Last week I received an ARC copy of Airicka Phoenix’s book Touching Smoke, book 1 in the Touch series, through the Never Too Old for Y.A. and N.A. group on Goodreads. This book was fantastic. There’s no better way to say it. Here’s why:
Garrison to Fallon: “Have you asked yourself why you want Isaiah as badly as you do?”
Fallon (to herself): “I hadn’t, but then again, I was a seventeen year old girl and Isaiah was
Oh, and of course:
“What would Buffy do?”
Why these quotes? Because they demonstrate how much of an idiot that Fallon Braeden isn’t. Especially the Buffy one because, well, anyone who’s ever met me should know how much I love Buffy the Vampire Slayer (the series, definitely not the movie). It really confirmed the awesomeness of this book for me. But I’m sure that doesn’t matter to anyone else, so, on to the more important stuff.
The other day, my high school students got into a discussion about the difference between love and lust. The general consensus was that the intense I’ll-die-without-you “love” teenagers often feel is more likely a product of lust rather than love. It develops quickly, and often is very brief. But when they’re in it, the world stops and they’ll be with each other forever. I remember how it was; I (unfortunately??) haven’t entirely blocked out high school. But oh, how I knew my 10th grade boyfriend and I would be together forever! We met, fell in love (big, OMG love), and broke up within the span of 4 weeks. It was super.
Why do I bring this up? Because Fallon said exactly what I should’ve been thinking at 16 or 17. “I was s seventeen year old girl and [insert hottest boyfriend ever’s name] was gorgeous.” That about says it all. Could it be love? Sure. After two days? Probably not. It’s more likely because he’s hot and there’s an intense physical attraction (it turns out that wasn’t the case, but kudos to her for acknowledging the possibilities). This is one of my biggest gripes with YA series, and almost killed Twilight for me. It’s still my guilty pleasure, though. I can’t help it.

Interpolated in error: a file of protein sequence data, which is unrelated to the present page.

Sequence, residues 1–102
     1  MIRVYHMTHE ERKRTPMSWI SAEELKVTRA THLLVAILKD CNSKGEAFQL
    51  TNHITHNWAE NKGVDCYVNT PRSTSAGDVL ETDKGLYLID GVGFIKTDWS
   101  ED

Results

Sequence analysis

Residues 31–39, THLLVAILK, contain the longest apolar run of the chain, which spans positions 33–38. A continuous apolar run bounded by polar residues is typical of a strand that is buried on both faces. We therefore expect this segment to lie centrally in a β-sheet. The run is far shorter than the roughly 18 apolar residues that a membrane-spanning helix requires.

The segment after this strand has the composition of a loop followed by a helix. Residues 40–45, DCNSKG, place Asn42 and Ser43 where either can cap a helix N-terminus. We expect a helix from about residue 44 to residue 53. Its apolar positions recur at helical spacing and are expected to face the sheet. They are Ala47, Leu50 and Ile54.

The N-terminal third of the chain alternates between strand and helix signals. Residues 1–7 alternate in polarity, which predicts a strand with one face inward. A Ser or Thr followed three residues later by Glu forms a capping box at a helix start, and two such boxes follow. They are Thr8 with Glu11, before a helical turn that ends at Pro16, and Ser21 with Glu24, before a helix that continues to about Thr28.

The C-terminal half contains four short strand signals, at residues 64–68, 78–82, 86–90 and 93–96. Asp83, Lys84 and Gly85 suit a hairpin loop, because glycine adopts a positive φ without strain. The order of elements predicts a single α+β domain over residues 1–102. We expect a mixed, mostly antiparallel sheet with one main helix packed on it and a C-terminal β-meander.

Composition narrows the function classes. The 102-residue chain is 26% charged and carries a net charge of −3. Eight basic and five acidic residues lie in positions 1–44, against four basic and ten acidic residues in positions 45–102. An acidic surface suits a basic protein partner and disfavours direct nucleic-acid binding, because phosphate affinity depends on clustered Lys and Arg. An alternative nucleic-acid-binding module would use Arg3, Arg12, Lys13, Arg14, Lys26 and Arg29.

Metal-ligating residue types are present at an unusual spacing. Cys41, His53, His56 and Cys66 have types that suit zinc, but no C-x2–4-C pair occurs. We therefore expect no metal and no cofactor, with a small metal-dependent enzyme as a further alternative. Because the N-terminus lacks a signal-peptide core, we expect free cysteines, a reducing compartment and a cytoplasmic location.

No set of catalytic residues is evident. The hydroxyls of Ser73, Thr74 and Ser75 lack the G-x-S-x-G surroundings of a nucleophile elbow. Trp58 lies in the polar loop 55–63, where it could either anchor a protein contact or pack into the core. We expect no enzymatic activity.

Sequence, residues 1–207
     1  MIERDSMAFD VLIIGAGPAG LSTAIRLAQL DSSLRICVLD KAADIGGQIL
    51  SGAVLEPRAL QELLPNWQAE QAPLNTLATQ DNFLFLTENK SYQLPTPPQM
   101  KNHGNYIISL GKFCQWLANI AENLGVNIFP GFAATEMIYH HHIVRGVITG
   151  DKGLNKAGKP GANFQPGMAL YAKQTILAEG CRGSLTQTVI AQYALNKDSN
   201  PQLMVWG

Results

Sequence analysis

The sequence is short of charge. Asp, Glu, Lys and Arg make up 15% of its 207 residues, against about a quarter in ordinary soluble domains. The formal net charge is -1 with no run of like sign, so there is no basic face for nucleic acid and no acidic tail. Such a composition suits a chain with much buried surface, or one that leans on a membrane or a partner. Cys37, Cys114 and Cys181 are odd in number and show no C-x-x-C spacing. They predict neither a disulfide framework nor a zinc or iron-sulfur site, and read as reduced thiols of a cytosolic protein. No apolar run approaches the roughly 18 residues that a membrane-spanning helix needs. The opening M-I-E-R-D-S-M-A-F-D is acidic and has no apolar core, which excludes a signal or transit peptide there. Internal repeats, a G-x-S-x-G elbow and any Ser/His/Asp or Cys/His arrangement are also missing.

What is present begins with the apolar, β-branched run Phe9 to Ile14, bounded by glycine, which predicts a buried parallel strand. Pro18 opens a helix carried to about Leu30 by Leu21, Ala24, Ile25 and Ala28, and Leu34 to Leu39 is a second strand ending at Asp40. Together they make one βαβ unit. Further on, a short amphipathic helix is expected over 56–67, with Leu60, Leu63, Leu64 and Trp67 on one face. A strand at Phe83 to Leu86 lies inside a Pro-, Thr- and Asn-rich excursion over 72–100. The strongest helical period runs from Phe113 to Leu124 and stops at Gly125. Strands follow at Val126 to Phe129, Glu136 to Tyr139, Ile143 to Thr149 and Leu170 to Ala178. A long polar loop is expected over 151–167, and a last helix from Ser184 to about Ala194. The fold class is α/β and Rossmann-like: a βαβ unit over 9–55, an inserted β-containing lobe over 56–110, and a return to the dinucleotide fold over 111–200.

Touching Smoke was about a 16 (almost 17) year old girl named Fallon and the mysterious biker who has been tracking her, Isaiah. Fallon has been on the run with her mother her entire life, bouncing from one private school to the next and living in dirty hotel rooms. It all comes to a halt after Isaiah finally catches up to her and her mother (after her mother runs him off the road to escape him). Isaiah has been following Fallon around for a good deal of time when the book begins, and she feels an odd pull toward him, although she’s never even seen his face or spoken to him (I had to do an eyeroll at this one, but I took it back later). After he rescues her from evil flame throwing mutants and a guy who can multiply himself to create his own army, the two make a break for it.